Norfork Lake Fishing
Norfork Lake is located in north central Arkansas and extends up to northern Missouri. Most of the Lake is near Mountain Home, Arkansas which is the hub of activity in the area. The Corps of Engineers Lake consists of about 30,000 acres depending on lake level and has about 500 miles of shore line. It approaches 200 feet in depth and is a very clear and relatively unpolluted lake fed by the North Fork River. It is not connected to any of the other major confinement lakes in the area. Norfork was a WPA project of the 1940's and most of the structure and buildings were removed before flooding. Norfork was the first dam in the area, and its success is responsible for the others coming along later. The land immediately surounding the lake is owned by the Corps thus restricting building, septic systems and animal confinements. This contributes greatly to the water quality and clearness. The Arkansas part of the lake is open to spearfishing while scuba diving during a specified period and is one of very few states to allow this activity. The law enforcement agencies include the Corps of Engineer Rangers, Arkansas Game and Fish and the Baxter Co. Sheriff's Office and they do a good job enforcing the laws. There are numerous launch ramps, campgrounds and resorts strategically placed around the lake making a great lake to visit for an economical vacation and family fun. The boat traffic is relatively low for such a beautiful place and you can very often find a secluded cove to be alone to fish or swim or dive. Wakeboarders love Norfork as do kids wanting to tube and water ski.
Fishing is one of the best reasons to visit Norfork Lake. Trophy Stripers and Hybrid Stripers are caught regularly and are stocked by the Game and Fish each year by the thousands. They are eating machines and grow very rapidly feeding on mostly threadfin shad unless trout are available. They love trout. There are some lakes that prefer trout to stripers. I am glad Norfork chose stripers. We can get all the trout we want out of the surrounding rivers which are very close to the lake. Limit is 3/day of combined Stripers and Hybrids with a 20-in. minimum on Stripers.
Walleye are quickly approaching stripers as Norfork's most sought after fish. There is a good population and they both are stocked and reproduce naturally in the river feeding the lake. There is an 18-in. minimum length requirement on walleye and fish in the 4-6 lb. range are not uncommon. These are my favorite. Limit is 4 with a possession limit of twice the daily. They sometimes hang out with stripers but spend most of their time on brushpiles near the bottom. I have caught some as deep as 90 ft. spooning.
Next to walleye, I like fishing for Norfork Lake Crappie. It is known for huge both black and white crappie. Some in the 16-18 in. range. Winter and early spring usually produce the giants. There is a 10-in. minimum length requirement with a maximum of 15 taken. They like brushpiles and under docks. They spawn near the shore on any wood and then move to brush starting in early April with the largest ones first and continue until mid May. Several are also stocked. They get scarce in the summer and move back to the brush in the fall.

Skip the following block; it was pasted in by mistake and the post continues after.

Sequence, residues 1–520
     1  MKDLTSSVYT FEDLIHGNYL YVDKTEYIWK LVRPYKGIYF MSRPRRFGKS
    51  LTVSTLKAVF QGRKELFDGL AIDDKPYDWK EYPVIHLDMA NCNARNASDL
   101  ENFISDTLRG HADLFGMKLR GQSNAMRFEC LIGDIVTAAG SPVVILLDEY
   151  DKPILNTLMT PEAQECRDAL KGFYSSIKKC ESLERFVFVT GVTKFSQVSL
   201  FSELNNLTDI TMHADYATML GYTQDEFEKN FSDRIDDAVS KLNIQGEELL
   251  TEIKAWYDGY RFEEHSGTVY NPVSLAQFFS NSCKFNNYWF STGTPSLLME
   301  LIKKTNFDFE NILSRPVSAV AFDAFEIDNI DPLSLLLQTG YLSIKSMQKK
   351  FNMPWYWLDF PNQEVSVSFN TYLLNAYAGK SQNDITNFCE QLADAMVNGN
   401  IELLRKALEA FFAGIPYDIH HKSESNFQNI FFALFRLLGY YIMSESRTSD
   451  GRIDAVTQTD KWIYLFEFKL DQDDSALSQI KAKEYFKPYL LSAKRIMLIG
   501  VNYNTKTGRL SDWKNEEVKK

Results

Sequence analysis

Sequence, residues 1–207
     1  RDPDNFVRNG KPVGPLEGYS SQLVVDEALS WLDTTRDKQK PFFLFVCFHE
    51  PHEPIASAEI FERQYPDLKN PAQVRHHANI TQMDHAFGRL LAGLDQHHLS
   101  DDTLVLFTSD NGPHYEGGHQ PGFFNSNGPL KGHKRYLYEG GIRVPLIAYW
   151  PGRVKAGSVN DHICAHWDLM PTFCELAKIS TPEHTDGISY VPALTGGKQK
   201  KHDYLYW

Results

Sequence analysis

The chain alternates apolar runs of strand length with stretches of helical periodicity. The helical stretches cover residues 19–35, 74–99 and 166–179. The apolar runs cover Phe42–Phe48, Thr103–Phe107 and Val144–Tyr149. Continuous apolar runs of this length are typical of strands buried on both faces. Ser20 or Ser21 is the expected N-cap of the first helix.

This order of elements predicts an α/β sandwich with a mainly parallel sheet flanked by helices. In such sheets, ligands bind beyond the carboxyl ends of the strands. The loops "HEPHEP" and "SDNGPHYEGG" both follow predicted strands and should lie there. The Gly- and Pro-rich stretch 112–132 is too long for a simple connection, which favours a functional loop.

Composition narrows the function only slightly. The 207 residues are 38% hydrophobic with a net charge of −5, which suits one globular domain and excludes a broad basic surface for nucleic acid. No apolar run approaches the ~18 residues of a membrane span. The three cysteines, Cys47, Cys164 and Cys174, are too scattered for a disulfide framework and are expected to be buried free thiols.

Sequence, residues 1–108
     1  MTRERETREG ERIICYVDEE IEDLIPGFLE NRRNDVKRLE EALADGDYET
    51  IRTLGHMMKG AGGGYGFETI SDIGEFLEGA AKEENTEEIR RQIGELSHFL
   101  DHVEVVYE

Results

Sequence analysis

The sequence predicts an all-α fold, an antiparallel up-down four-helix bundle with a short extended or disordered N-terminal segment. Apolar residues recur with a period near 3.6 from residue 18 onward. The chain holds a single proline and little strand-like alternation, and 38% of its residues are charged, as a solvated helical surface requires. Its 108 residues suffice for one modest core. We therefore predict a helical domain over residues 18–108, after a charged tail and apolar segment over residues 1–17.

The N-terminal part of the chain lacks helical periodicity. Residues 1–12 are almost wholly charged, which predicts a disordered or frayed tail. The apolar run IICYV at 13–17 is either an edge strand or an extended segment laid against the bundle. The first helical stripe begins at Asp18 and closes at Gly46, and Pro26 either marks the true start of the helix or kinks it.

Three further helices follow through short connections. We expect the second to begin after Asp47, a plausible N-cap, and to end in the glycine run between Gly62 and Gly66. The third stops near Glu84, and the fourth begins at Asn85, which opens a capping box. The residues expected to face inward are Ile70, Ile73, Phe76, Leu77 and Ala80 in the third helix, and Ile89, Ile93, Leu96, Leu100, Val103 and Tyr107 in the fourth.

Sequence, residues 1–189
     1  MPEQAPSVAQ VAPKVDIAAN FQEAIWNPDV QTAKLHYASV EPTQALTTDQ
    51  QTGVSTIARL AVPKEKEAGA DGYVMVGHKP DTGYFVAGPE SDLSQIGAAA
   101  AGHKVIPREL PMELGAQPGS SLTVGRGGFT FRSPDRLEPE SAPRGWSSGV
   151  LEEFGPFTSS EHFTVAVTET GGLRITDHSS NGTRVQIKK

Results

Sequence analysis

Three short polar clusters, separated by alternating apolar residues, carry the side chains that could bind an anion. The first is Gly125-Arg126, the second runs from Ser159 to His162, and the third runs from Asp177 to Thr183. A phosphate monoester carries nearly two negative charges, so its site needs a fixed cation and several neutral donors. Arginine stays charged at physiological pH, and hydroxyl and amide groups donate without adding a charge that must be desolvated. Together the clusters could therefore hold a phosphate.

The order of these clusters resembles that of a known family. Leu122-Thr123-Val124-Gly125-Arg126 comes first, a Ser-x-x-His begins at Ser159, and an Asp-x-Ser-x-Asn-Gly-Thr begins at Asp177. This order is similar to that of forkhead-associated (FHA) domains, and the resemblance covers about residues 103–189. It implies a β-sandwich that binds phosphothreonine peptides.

Bass are the mainstay of Norfork Lake. They are not stocked, but reproduce naturally. There are largemouth, smallmouth and spotted bass. 15-in. limit on Large and Smallmouth and 12-in. on spots. The limit is 6 total. When you cannot catch anything else bass are biting. There is a very good population of all three. Topwater bite is very popular after spawn in the spring and continues until mid-June. Spotted bass caught in the winter are very tasty. I do all of my bass fishing in the winter. Fish in the 2-4 lb. range are numerous with 5-6 lb. not uncommon. Smallmouth fishing in May is really good with 4-lb. fish caught regularly.
Catfishing is popular on Norfork Lake all year. Arkansas allows both jug and trotline fishing with a maximum of 30 hooks. Flathead, blue and channel cats are all present with the blues getting the largest. Several are stocked each year with also natural reproduction. Fish in the 40-lb. range are not uncommon. The clean clear water of Norfork Lake produces tasty catfish with no strong taste with is sought after by many fishermen.
Bluegill, commonly called brim, are not to be left out. There is a large population and the red-earded bluegill often get well over1-lb. and fight like crazy. Young and old alike enjoy both catching and eating these tasty fish. Many a child got hooked on fishing catching bluegill.
In general, Norfork Lake, in the heart of the Ozark Mountains near Mountain Home, Arkansas is an excellent fishery with many different varieties. There is no closed season and very few if any mosquitoes. You do not have to wait until June if you get cabin fever. Our fishing is in full swing by March 15th.